Title: Nimbostratus on the Shore
Category: Gen ficlet
Word Count: 473
Characters: Dean and Sam
Summary: She only dances when it storms. Sam and Dean watch.
Author's Notes: This is actually an older story from September 2006 that I found while wandering through my old files. For some reason, I forgot to post it over here, so I'm finally getting around to it now. I suppose better late than never, yes?
Disclaimer: The following characters and situations are used without permission of the creators, owners, and further affiliates of the television show, Supernatural, to whom they rightly belong. I claim only what is mine, and I make no money off what is theirs.
The lightning cracks the room, white sparks of light that slip into Dean's dreams and hiss with electricity behind his eyes. When the thunder growls, he wakes and rolls over to pretend as if the storm did not pry him from his sleep.
Yet when he turns onto his other side, he sees Sam standing by the window, a tall black silhouette highlighted in the pale shots of lightning. Sam's arms are crossed, hands cupping his elbows, hair wild and mussed around the tips of his ears. The thunder snaps and pops, the rain taps the window glass with jagged little nails, and he doesn't flinch.
Dean walks to him and says nothing. The smell of salt in the air is strong, and the wooden floor is damp and cool beneath his bare feet. He can see only in the brief flashes of lightning, and then is plunged into darkness, like a blind man meeting God and discovering the world in momentary glances once again.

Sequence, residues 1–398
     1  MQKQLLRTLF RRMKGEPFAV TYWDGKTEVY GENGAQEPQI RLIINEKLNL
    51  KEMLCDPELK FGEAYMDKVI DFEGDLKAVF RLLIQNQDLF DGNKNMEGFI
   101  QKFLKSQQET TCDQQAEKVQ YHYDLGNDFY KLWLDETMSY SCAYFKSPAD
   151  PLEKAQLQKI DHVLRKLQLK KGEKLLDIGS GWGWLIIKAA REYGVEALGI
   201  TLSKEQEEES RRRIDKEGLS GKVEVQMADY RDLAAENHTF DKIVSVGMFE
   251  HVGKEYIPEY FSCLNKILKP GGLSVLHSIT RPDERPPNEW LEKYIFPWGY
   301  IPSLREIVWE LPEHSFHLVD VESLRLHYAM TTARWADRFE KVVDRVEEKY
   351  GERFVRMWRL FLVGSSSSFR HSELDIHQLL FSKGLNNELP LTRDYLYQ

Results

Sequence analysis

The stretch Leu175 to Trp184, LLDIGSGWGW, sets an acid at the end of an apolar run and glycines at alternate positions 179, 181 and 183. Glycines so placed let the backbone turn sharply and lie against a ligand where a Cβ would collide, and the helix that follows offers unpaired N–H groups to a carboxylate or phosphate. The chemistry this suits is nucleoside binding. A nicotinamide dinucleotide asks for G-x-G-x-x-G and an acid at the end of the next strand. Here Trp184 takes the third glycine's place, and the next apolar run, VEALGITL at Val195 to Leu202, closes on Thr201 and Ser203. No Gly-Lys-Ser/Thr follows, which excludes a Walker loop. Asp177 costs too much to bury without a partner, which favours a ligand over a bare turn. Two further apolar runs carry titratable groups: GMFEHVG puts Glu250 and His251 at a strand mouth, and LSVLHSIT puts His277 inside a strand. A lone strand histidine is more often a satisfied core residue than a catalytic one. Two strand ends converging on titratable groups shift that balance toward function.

Outside the window where Sam stares, the ocean is frenzied froths of white energy. Bubbling and thrashing like an angry monster, the greedy waves roll up onto the dark silver sand of the night, lick the shoreline, and slurp their way back to sea.
Dean stands behind Sam and follows his brother's distant gaze. To see what has Sam so fixated and entranced.
"She only dances when it storms," Sam says, his voice foggy and hoarse, eyes dark and deep, lack of sleep to blame.
Dean looks to Sam, and then out the window where a girl in white skips on the sand. Pale pink toes dry and long blonde hair soft in the rain. She twirls and hops, catches raindrops on her tongue and lightning in her palms.
She could be anyone, just another girl, just another one of the many souls they see that they should not, but they are both beyond such ignorance. Life—death—has taught them better than to believe in such foolish illusions.
"You didn't send her away," Dean whispers over the clatter of raindrops on the window. His throat is sore, and he swallows around his words.
She pirouettes, white gown spiraling out around her and wavy hair bobbing on her shoulders. Dean thinks she's laughing to the storm, must be talking with the thunder and asking the lightning how its day has been. She could, he knows. She could just because it is impossible, and he has seen the impossible done before.
Sam shakes his head, cheeks wet and pale, refusing to accept Dean's words of, perhaps, pity. "I didn't ask her to stay."
They stand and stare until the black clouds fade to orange wisps of morning, until the waves calm themselves and sleep on their rocky beds, and she floats away on the breeze with dove's wings.